Late Night

2019-10-04 10:31
 
Mindy Kaling in 'Late Night'.

WHAT IT'S ABOUT:

After almost 30 years, a groundbreaking talk-show host suspects she may soon be losing her coveted seat on late-night television unless she manages a game-changing transformation. Katherine Newbury is a pioneer in her field. The only woman ever to have a long-running program on late-night, she keeps her writers’ room on a short leash—and all-male. But, when ratings plummet and she is accused of being a "woman who hates women,"  Katherine puts gender equality on her to-do list and impulsively hires Molly Patel, a chemical plant efficiency expert from suburban Pennsylvania, as the first and only female on her writing staff.

WHAT WE THOUGHT:

Witty, packed with political punch and with a female lead reminding you of both Kelly Kapoor’s hilarity and Mindy Lahiri’s self-deprecating charm, if you enjoyed watching The Office and The Mindy Project, chances are you’re going to love Late Night, written by and starring Mindy Kaling.

The dramedy follows the story of a late-night talk show host Katherine Newbury, played by Emma Thompson, whose life gets turned upside down when she finds out her network is planning to replace her. In order to become irreplaceable, she realises she needs to remain relevant – even ‘woke’, as they say – so she hires her first female staff writer Molly Patel, played by Mindy Kaling. Molly also happens to be the one and only person of colour in the office, and unlike her colleagues, is still starry-eyed and brave – the kind of hopeful you usually see at the beginning of any new relationship.

With a premise like this, every second line in the film is a direct pitchfork to the patriarchy, and when it’s not, in the witty way of Kaling, it manages to shift the dialogue so as to give the white male the privilege of saying whatever he so pleases, only to have him fall flat on his face when he assumes the only woman of colour in the office must be there to take his lunch order.

The focus is very much on white, male privilege – both how it dominates as well as how completely fragile it can be when it feels threatened by a woman in the workplace, or being in the sudden presence of Emma Thompson’s terrifying character – perhaps it’s her blazer and slicked-back hair that makes her less threatening, worthy of their respect – signalled only by the faint sound of her footsteps and a panicked man’s voice calling out, “She’s coming...”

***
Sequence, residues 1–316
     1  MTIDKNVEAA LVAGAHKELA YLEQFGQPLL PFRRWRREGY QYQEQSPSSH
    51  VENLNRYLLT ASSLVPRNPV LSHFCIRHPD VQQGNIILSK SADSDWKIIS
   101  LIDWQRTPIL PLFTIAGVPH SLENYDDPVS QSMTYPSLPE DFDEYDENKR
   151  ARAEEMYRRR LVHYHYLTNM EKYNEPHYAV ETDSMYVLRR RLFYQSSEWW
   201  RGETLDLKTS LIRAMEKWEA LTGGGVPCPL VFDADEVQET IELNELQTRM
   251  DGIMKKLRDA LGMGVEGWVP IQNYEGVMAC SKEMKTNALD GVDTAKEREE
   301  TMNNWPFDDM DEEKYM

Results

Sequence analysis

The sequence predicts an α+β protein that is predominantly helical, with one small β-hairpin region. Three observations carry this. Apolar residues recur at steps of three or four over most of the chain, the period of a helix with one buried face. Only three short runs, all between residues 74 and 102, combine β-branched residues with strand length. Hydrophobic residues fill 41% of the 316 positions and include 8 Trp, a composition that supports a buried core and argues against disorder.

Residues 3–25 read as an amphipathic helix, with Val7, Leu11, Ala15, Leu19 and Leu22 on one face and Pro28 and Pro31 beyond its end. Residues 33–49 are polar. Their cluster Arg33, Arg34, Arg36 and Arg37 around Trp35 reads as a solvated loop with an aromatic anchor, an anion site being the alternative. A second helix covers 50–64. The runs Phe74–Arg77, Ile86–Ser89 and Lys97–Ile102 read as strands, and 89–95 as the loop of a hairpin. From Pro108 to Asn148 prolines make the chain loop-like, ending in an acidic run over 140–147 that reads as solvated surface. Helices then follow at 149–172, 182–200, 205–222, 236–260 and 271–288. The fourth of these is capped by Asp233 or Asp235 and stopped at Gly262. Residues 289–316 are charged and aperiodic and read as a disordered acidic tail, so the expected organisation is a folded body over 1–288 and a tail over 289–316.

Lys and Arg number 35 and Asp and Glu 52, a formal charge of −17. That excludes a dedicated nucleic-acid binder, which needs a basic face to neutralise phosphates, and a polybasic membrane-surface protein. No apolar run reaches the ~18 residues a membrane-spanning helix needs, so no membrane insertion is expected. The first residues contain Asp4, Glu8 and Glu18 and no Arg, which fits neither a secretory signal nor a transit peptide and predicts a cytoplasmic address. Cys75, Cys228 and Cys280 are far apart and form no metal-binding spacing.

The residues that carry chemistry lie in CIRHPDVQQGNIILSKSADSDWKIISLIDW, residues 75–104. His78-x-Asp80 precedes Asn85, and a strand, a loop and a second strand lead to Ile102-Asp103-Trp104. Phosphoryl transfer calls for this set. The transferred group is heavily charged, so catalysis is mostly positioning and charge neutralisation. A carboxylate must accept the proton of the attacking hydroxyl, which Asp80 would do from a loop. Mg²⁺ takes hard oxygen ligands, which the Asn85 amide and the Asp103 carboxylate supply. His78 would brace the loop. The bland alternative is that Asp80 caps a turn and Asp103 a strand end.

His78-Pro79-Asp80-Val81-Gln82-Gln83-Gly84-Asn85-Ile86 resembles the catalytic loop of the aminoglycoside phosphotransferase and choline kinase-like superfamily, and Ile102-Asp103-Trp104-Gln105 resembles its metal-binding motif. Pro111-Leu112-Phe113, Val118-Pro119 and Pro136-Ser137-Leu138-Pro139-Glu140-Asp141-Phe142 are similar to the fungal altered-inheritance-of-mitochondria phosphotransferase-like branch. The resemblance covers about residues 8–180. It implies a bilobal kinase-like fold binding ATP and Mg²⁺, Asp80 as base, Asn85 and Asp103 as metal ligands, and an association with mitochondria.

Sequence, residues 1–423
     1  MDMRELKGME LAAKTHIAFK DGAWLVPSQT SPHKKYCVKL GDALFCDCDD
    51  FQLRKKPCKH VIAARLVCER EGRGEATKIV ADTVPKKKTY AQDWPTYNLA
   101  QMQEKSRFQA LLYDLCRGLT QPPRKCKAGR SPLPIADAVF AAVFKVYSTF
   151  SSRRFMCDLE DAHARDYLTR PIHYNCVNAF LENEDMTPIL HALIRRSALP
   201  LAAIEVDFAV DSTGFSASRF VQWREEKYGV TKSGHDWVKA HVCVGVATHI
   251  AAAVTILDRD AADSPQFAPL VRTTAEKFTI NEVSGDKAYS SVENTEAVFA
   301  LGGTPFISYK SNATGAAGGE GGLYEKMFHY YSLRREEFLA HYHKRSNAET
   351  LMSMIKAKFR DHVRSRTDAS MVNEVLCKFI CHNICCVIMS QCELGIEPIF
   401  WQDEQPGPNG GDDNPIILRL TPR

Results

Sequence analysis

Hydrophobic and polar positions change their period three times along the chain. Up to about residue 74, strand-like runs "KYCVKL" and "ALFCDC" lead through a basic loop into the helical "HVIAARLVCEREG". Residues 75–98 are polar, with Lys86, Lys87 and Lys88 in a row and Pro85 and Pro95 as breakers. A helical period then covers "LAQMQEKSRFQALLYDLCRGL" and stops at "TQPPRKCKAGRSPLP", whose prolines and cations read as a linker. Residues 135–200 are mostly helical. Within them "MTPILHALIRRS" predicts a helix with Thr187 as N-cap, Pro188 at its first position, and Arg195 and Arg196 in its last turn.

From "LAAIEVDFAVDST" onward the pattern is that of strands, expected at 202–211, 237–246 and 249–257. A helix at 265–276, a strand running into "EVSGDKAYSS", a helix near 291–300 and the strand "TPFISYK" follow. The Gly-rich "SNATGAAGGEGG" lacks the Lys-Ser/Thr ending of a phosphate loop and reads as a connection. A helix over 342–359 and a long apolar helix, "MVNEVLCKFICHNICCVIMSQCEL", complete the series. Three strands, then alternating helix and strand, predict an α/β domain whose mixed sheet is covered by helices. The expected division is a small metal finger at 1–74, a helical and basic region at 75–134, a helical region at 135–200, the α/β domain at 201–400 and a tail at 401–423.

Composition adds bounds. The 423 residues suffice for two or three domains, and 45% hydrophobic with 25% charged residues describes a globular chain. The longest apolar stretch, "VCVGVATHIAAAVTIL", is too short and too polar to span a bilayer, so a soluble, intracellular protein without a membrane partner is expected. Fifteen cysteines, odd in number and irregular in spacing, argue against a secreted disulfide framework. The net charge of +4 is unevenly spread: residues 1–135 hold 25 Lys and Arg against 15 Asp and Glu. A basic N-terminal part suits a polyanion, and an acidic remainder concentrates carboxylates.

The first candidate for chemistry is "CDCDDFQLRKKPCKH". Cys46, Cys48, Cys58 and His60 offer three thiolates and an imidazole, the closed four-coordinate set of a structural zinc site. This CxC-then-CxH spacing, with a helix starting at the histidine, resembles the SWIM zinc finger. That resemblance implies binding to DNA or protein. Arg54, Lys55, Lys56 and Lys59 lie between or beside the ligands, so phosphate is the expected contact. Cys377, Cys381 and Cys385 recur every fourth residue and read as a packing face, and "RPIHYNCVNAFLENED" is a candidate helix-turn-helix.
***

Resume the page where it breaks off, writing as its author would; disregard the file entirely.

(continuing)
With that, this movie isn’t going to appeal to everyone. Some may not find the jokes all that funny; others may find the satire too glaringly obvious. And you can more or less predict how everything will play out in the end.

That being said, for me, that didn’t make the film any less enjoyable.

Emma Thompson’s portrayal of the cold and confident talk show host made me quake in my boots, while Mindy Kaling perfectly delivered the ever-ambitious and always charming girl who never fails to see the world through rose-coloured glasses.

From the very first one-liner to the last, I was in stitches. But I expected as much from a film written by a comedian about a comedian with a passion for writing comedy.

From the crew and cast to the daring political commentary, everything falls into place with this movie being as ‘woke’ as it is – and not just for the reference to men making calls on women’s reproductive rights and the mention of the #MeToo movement. While it may be a coincidence, just last week Lilly Singh became the first woman to host a late-night network television show in more than 30 years. She also happens to be the first South Asian and openly queer woman to ever host a talk show on a major network. Mindy Kaling was among her very first guests on A Little Late With Lilly Singh.

Like the wit, charm and satirical laughs in the film, the serendipity of it all is hard to miss but makes it all the more enjoyable to see.

Glaringly obvious or not Late Night comes together almost like a romantic comedy of sorts, where everything, and everyone, is just meant to be.


 

 

 

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